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Still reading up on AWS. Amazon Large Instances comes with 850GB local storage. However, i read in case of failover and we want to power up another instance, we can just mount a EBS volume on it and start running right? That will mean that we have to configure and store it on a EBS volume to enjoy this capability. Does that mean that with local storage, say if data are saved in local, we will not able to do it ? EBS is charged separately, the large local storage of 850GB might not be that advantageous ? Is EBS used normally for Webserver data or primary for MySQL for persistent data?

Anyone who has experience with AWS can have good inside on this? That will mean that most of the instances i pay for have to buy EBS to enjoy the switch over capability?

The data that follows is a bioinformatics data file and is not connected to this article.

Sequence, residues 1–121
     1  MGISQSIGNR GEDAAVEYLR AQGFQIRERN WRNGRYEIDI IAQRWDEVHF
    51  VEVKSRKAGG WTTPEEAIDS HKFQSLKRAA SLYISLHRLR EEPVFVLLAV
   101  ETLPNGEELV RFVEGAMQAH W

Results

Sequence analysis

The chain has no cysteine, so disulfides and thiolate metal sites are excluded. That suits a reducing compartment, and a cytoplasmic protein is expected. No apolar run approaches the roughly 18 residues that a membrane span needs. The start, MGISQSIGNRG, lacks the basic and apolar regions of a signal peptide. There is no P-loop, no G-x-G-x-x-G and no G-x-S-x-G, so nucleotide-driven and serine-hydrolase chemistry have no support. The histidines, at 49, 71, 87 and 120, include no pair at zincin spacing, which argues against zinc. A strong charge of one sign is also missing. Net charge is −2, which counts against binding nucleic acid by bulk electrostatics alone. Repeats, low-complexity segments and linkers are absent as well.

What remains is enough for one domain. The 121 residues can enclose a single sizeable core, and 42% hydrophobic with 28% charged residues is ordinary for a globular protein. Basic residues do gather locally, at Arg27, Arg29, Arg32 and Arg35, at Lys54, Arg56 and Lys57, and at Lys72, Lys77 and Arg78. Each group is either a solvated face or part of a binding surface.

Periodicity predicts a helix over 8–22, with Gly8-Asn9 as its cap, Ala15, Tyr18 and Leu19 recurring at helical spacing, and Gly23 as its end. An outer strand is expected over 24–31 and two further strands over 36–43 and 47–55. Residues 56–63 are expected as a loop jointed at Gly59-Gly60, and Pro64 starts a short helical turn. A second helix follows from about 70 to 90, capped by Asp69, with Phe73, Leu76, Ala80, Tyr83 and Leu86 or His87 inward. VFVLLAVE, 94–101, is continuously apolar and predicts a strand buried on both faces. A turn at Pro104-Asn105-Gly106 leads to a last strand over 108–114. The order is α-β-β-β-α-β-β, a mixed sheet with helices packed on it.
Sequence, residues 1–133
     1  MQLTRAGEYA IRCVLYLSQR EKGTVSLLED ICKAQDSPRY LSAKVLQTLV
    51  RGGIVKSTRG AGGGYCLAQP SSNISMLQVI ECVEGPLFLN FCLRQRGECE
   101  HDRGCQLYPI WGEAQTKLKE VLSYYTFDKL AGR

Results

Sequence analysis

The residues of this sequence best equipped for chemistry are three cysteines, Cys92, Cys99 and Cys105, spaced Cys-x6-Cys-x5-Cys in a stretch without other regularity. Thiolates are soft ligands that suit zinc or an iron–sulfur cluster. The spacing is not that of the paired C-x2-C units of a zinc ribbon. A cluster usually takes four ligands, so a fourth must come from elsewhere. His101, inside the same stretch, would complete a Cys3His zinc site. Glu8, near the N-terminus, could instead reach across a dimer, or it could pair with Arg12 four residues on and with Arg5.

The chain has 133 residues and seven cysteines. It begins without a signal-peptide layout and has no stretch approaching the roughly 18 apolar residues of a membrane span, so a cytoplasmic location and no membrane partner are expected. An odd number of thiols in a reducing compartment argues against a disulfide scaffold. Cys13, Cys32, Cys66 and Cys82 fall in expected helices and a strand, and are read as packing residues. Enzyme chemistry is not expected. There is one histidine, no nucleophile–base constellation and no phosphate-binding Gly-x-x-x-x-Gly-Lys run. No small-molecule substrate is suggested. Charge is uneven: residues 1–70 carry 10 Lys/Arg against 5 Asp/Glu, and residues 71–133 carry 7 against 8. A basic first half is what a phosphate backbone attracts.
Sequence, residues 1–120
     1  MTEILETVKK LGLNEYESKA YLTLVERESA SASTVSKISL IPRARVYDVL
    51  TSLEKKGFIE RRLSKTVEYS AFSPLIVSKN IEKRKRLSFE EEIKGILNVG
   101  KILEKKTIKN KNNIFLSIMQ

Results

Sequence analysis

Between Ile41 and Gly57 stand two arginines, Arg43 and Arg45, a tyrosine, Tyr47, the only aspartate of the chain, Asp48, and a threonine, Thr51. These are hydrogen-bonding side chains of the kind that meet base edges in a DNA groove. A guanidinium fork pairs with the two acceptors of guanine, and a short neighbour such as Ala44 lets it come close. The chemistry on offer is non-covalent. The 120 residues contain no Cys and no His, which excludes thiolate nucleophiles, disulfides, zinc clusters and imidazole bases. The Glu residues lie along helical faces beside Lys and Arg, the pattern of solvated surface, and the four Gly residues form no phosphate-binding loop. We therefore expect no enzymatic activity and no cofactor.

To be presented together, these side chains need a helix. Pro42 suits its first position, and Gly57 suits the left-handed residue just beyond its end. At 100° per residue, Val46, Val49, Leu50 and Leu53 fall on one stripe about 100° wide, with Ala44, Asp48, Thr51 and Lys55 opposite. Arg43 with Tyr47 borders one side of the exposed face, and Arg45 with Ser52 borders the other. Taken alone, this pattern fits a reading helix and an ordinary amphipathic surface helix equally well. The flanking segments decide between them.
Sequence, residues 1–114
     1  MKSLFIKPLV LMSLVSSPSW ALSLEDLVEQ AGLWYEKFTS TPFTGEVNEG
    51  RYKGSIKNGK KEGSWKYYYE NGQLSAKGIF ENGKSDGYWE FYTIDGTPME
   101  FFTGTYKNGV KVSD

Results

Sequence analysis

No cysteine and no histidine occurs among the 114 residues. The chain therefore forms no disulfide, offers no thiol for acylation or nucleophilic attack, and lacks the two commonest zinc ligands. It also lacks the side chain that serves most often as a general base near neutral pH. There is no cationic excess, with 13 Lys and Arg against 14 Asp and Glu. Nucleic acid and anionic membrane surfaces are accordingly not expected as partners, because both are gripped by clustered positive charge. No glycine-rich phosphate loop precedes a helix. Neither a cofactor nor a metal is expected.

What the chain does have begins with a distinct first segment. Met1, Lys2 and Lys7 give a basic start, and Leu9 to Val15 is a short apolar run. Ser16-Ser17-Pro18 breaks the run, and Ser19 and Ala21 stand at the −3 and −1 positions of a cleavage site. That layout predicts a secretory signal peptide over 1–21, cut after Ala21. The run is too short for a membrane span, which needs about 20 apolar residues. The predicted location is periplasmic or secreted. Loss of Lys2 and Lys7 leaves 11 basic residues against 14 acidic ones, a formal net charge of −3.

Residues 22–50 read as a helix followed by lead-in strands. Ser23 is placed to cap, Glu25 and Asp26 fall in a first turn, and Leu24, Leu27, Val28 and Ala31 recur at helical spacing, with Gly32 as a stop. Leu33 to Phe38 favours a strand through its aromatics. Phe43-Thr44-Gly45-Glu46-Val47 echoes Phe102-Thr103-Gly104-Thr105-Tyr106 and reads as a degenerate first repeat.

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closed as off topic by Andrew Barber Apr 12 '13 at 20:07

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1 Answer 1

I recommend you start out using EBS entirely. That means running an EBS boot AMI, and putting your data (web, database, etc) on a separate EBS volume (recommended) or even the EBS root volume. Here's an article I wrote that describes more details about why I feel this way for beginners:

http://alestic.com/2012/01/ec2-ebs-boot-recommended

The listed 850GB local storage is ephemeral, which means that it is at risk of being lost forever if you stop your instance, terminate your instance, or if the instance fails. It might be useful to use for things like a large /tmp but I recommend against using ephemeral storage for anything valuable.

Note also that the 850 GB is not in a single partition, is not all attached to the instance by default, and is not all formatted with a file system by default.

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